Happy Friday the 13th! Here are thirteen YA books I want to read that were published this month.
1. A Thousand Beginnings and Endings edited by Ellen Oh and Elsie Chapman
Synopsis: Star-crossed lovers, meddling immortals, feigned identities, battles of wits, and dire warnings. These are the stuff of fairy tale, myth, and folklore that have drawn us in for centuries.
Fifteen bestselling and acclaimed authors reimagine the folklore and mythology of East and South Asia in short stories that are by turns enchanting, heartbreaking, romantic, and passionate.
Compiled by We Need Diverse Books’ Ellen Oh and Elsie Chapman, the authors included in this exquisite collection are: Renee Ahdieh, Sona Charaipotra, Preeti Chhibber, Roshani Chokshi, Aliette de Bodard, Melissa de la Cruz, Julie Kagawa, Rahul Kanakia, Lori M. Lee, E. C. Myers, Cindy Pon, Aisha Saeed, Shveta Thakrar, and Alyssa Wong.
A mountain loses her heart. Two sisters transform into birds to escape captivity. A young man learns the true meaning of sacrifice. A young woman takes up her mother’s mantle and leads the dead to their final resting place. From fantasy to science fiction to contemporary, from romance to tales of revenge, these stories will beguile readers from start to finish. For fans of Neil Gaiman’s Unnatural Creatures and Ameriie’s New York Times–bestselling Because You Love to Hate Me.
I can’t believe I haven’t heard Aentee not rave about this yet! It’s an anthology about Asian culture, in YA pop-culture. I can’t wait to hear her thoughts.
2. Bring Me Their Hearts (Bring Me Their Hearts #1) by Sara Wolf
Synopsis: Zera is a Heartless – the immortal, unageing soldier of a witch. Bound to the witch Nightsinger ever since she saved her from the bandits who murdered her family, Zera longs for freedom from the woods they hide in. With her heart in a jar under Nightsinger’s control, she serves the witch unquestioningly.
Until Nightsinger asks Zera for a Prince’s heart in exchange for her own, with one addendum; if she’s discovered infiltrating the court, Nightsinger will destroy her heart rather than see her tortured by the witch-hating nobles.
Crown Prince Lucien d’Malvane hates the royal court as much as it loves him – every tutor too afraid to correct him and every girl jockeying for a place at his darkly handsome side. No one can challenge him – until the arrival of Lady Zera. She’s inelegant, smart-mouthed, carefree, and out for his blood. The Prince’s honour has him quickly aiming for her throat.
So begins a game of cat and mouse between a girl with nothing to lose and a boy who has it all.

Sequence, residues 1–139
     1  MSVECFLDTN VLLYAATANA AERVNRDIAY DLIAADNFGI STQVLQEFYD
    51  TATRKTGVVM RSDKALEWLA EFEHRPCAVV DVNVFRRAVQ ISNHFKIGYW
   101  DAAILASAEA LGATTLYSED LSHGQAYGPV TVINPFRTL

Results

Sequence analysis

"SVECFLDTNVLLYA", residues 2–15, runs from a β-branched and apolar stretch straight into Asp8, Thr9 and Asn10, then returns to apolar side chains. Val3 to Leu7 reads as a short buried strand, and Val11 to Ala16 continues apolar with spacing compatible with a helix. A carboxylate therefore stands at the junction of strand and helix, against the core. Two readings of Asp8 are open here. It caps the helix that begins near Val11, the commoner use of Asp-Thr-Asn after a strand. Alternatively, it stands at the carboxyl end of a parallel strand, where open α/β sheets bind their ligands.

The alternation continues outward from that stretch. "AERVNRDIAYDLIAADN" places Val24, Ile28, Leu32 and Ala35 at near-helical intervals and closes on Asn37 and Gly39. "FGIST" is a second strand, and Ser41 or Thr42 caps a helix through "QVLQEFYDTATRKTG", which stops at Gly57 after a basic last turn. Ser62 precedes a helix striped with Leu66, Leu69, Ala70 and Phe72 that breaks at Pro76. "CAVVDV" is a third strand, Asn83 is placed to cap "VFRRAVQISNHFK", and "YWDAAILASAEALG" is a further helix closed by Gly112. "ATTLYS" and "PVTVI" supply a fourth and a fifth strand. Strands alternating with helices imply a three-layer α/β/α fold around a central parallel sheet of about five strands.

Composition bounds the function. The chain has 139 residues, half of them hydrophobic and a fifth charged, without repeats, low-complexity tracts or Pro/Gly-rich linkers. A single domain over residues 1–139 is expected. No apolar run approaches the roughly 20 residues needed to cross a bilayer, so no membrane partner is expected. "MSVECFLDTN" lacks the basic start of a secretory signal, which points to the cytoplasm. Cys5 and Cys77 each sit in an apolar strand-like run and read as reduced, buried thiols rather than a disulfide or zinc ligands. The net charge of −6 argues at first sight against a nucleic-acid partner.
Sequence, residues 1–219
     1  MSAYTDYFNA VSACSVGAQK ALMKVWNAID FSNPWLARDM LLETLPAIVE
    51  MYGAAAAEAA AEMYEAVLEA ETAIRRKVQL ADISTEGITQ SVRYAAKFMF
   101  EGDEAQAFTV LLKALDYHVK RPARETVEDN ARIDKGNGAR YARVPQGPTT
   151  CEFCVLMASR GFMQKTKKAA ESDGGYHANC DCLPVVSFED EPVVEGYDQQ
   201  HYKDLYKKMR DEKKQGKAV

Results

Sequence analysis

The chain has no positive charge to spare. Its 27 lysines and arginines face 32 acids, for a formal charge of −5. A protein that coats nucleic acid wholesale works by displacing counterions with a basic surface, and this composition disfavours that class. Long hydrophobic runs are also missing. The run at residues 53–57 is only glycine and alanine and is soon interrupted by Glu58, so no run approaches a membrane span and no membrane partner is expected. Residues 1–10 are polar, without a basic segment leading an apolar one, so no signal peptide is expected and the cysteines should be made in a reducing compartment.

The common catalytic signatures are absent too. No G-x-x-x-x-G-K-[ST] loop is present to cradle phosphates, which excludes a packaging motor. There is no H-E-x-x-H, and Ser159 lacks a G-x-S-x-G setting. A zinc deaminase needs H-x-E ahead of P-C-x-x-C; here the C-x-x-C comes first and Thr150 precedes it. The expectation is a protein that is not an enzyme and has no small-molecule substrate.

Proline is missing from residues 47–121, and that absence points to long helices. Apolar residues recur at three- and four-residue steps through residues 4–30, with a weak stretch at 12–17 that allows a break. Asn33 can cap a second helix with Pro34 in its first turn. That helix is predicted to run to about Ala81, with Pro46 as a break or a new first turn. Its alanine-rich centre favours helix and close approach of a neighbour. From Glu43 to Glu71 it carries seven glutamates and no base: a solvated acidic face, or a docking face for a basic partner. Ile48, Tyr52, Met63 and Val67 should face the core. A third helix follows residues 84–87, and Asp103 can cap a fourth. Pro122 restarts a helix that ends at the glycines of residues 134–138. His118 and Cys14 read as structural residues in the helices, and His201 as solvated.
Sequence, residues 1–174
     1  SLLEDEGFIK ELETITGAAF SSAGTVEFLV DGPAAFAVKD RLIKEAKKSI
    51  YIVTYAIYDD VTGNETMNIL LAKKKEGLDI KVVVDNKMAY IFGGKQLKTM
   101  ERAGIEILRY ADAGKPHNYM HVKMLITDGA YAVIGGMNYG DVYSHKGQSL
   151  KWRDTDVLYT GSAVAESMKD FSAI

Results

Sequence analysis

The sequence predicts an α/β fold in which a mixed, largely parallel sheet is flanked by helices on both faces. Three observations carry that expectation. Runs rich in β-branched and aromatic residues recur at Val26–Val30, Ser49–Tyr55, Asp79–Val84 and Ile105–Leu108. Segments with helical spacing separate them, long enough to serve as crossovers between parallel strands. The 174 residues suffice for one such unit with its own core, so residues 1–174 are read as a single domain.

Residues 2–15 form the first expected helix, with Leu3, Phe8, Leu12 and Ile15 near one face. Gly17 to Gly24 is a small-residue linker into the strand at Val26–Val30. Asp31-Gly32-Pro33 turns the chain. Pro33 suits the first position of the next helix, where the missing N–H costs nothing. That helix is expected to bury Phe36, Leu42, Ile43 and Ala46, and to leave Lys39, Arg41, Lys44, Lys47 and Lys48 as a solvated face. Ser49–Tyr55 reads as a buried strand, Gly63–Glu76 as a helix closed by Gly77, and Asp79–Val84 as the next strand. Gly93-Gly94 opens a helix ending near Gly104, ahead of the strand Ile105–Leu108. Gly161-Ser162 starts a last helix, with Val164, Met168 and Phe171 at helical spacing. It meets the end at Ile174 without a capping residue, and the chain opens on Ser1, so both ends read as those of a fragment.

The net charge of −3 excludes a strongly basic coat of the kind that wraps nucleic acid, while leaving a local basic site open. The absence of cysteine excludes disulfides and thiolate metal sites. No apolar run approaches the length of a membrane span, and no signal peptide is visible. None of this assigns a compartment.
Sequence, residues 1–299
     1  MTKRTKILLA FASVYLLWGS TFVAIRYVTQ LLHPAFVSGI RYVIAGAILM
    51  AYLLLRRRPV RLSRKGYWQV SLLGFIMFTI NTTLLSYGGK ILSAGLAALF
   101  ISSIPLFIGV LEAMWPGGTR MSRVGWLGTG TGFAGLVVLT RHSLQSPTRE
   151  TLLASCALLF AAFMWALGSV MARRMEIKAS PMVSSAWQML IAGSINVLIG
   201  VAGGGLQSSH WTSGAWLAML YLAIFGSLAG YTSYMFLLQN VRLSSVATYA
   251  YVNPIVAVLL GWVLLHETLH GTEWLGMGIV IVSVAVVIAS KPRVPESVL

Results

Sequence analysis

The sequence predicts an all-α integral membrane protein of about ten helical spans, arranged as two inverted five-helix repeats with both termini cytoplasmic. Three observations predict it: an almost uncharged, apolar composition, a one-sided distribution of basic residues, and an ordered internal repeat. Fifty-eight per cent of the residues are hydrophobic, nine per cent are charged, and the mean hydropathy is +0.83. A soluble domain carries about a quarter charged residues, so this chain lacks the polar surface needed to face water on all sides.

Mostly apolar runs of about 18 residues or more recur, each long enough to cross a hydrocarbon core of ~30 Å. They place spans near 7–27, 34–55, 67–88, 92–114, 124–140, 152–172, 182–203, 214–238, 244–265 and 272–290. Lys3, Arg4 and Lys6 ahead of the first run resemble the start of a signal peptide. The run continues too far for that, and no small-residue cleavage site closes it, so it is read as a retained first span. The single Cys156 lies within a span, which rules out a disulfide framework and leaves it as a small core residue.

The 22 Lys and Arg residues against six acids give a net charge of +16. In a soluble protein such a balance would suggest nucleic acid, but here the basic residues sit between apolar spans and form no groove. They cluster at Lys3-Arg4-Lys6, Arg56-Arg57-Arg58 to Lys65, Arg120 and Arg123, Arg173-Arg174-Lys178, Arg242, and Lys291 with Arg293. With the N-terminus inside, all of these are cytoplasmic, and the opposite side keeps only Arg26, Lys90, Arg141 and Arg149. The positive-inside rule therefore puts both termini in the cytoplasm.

Winner takes the loser’s heart.
This seems like a dark fantasy that I can lose myself to.
3. Little Do We Know by Tamara Ireland Stone
Synopsis: Next-door neighbours and ex-best friends Hannah and Emory haven’t spoken in months. Not since the fight—the one where they said things they couldn’t take back.
Now, Emory is fine-tuning her UCLA performing arts application and trying to make the most of the months she has left with her boyfriend, Luke, before they head off to separate colleges. Meanwhile, Hannah’s strong faith is shaken when her family’s financial problems come to light, and she finds herself turning to unexpected places—and people—for answers to the difficult questions she’s suddenly facing.
No matter how much Hannah and Emory desperately want to bridge the thirty-six steps between their bedroom windows, they can’t. Not anymore.
Until their paths cross unexpectedly when, one night, Hannah finds Luke doubled over in his car outside her house. In the aftermath of the accident, all three struggle to understand what happened in their own ways. But when a devastating secret about Hannah and Emory’s argument ultimately comes to light, they must all reexamine the things they hold true.
In alternating chapters, a sceptic and a believer piece together the story of their complex relationship and the boy caught somewhere in the middle. New York Times best-selling author Tamara Ireland Stone deftly crafts a moving portrait of faith, love, and friendship
To be candid, this barely made it on the list (I needed a thirteenth book for this book meme). I didn’t love TIS’ Every Last Word.
4. Fat Girl on a Plane by Kelly deVos
Synopsis: Don’t miss this unforgettable debut novel, told in two timelines, about smart fashion, pursuing your dreams, and loving yourself!
High school senior Cookie Vonn’s post-graduation dreams include getting out of Phoenix, attending Parsons and becoming the next great fashion designer. But in the world of fashion, being fat is a cardinal sin. It doesn’t help that she’s constantly compared to her supermodel mother—and named after a dessert.